Though a European regulation, SRD II will directly impact Asian intermediaries and hundreds of billions of euros in assets held by APAC investors, says Demi Derem at Broadridge.
While much of the financial world remains distracted by the events of Brexit, trade disputes and interest rate policies, the European Union (EU) reached its first deadline for member states to implement components of Shareholder Rights Directive II (SRD II) into national laws on 10 June.
How much does this matter for financial intermediaries based in APAC? Far more than most might think. SRD II has been driven by global regulatory bodies strengthening standards for corporate governance and investor transparency. By the time it is fully implemented in September 2020, there is significant potential for assets involving hundreds of billions of euros held by APAC-based investors, or via Asian intermediaries, to be directly impacted by this globally-relevant regulation.
While SRD II is seemingly a continent away, the European Commission found in March 2019 that between 2007 and 2017 investors across China, Hong Kong and Macao have come to control 1.6% (over EUR 280 billion) of EU company assets. An even larger increase has been seen in the same period between Australia and New Zealand, where investors now control 3% (over half a trillion) of all EU company assets. This comes on top of the already significant holdings that the European Commission has determined are held by investors across other Asian jurisdictions.
The countdown has thus begun for APAC intermediaries and asset owners who either serve EU shareholders or hold shares in EU equities to know exactly how the world of shareholder rights is set to change from September 2020.
SRD II & the APAC financial community
Among the diverse segments of the regional financial industry, there will be two core groups within the APAC financial community that will be most affected, namely: intermediaries and asset owners. Consisting of a diverse range of securities services providers, intermediaries are comprised of global and regional sell-side brokers, agent banks, central security depositories (CSDs), custodian and commercial banks, retail stockbrokers and other wealth service providers.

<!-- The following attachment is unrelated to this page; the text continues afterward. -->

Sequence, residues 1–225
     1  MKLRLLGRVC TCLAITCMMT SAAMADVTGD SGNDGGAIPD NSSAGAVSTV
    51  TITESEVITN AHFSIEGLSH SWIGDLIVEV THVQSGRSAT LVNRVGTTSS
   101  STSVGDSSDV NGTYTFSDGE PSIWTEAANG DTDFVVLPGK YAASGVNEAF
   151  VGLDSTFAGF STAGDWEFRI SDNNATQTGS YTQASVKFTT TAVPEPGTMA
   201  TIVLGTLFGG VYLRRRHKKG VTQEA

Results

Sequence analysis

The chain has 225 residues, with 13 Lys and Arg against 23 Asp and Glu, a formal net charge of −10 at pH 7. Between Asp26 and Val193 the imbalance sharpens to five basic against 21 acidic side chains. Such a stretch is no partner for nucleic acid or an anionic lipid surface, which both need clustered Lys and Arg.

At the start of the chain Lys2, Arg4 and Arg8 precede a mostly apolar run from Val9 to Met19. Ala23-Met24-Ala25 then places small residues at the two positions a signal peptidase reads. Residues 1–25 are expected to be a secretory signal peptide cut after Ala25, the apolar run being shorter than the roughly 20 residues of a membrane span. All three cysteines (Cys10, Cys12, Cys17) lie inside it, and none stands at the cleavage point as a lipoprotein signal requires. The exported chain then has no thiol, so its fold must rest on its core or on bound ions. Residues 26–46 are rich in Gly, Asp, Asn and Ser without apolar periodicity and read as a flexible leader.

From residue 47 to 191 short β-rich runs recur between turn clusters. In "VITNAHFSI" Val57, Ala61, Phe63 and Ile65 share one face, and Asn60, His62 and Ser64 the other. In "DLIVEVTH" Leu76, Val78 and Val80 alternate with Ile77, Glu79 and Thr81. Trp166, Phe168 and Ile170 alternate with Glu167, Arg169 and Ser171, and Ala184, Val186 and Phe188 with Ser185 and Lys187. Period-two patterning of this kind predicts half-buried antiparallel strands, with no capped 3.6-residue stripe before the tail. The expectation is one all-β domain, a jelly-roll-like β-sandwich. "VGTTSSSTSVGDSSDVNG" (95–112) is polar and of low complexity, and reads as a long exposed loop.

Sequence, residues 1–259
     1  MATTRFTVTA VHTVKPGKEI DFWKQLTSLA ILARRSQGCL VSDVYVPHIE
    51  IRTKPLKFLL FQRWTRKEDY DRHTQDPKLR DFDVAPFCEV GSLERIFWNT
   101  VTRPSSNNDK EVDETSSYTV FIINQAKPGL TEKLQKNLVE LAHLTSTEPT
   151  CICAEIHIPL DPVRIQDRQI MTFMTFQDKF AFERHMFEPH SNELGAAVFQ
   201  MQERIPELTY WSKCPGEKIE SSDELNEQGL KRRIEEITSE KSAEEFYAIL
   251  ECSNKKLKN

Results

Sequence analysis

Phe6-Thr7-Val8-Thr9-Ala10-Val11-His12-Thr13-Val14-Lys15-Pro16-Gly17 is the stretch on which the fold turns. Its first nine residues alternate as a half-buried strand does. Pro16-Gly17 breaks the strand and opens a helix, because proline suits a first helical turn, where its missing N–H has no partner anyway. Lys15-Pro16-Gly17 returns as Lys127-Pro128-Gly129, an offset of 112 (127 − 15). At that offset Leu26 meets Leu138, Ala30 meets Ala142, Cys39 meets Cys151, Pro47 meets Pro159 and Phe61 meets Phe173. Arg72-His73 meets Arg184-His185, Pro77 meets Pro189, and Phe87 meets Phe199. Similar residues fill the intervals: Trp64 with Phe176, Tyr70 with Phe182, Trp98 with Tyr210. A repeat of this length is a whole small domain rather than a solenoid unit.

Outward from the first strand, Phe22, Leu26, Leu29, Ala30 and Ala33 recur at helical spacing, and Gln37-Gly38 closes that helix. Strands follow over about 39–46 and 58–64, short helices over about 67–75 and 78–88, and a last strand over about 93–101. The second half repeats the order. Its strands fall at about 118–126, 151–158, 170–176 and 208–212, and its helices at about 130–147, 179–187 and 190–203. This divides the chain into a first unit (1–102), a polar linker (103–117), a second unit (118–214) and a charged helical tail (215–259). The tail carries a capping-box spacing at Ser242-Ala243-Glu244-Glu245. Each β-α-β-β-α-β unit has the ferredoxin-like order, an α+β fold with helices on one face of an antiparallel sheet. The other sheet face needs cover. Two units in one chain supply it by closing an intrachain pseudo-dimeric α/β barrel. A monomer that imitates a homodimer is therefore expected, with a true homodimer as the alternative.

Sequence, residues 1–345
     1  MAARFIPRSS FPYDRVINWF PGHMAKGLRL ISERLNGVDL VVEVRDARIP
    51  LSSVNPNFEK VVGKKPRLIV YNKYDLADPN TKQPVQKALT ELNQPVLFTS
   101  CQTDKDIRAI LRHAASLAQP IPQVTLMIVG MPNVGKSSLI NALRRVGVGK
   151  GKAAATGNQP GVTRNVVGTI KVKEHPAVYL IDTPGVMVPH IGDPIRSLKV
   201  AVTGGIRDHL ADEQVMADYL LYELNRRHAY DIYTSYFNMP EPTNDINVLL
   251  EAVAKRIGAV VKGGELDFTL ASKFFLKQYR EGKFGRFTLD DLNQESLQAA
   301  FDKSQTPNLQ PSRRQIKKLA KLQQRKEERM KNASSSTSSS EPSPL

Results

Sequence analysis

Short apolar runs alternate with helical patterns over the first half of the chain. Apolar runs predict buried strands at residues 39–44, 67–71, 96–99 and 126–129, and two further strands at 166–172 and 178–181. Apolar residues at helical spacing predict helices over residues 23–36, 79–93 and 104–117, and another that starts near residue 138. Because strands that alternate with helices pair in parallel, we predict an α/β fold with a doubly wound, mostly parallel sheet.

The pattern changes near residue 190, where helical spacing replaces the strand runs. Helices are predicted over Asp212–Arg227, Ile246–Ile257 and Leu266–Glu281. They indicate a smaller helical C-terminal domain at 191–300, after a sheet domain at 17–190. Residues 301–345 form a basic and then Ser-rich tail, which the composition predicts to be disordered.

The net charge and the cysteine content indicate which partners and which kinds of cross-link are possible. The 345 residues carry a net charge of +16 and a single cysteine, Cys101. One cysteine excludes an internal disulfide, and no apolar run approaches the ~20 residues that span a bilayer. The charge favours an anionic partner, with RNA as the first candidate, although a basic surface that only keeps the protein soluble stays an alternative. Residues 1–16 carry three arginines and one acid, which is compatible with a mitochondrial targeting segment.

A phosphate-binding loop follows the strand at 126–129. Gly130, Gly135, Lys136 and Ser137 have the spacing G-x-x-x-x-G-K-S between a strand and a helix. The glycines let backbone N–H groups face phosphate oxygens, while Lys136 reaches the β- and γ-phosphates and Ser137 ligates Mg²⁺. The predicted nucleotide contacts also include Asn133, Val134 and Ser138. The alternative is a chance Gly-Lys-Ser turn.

SRD II will introduce three critical regulatory concepts around shareholder communications, some or all of which may be new to APAC firms and investors:
1) Shareholder identification: EU-based issuers will be entitled to obtain the identity of their shareholders, requiring APAC intermediaries holding shares in them to provide shareholder disclosure within 24 hours of receiving a disclosure request. This means new processes not only to collect investor information but also to transmit the data to issuers and issuer agents – in many cases through a chain of other intermediaries – “without delay”.
2) Agenda distribution and voting: APAC intermediaries must support the distribution of meeting agendas within stricter timeframes, reconcile votes on a daily basis, and process votes “without delay”, or face penalties. To facilitate the shareholder voting process, intermediaries will need to comply with the definitions, standardised communication formats, minimum data requirements and deadlines.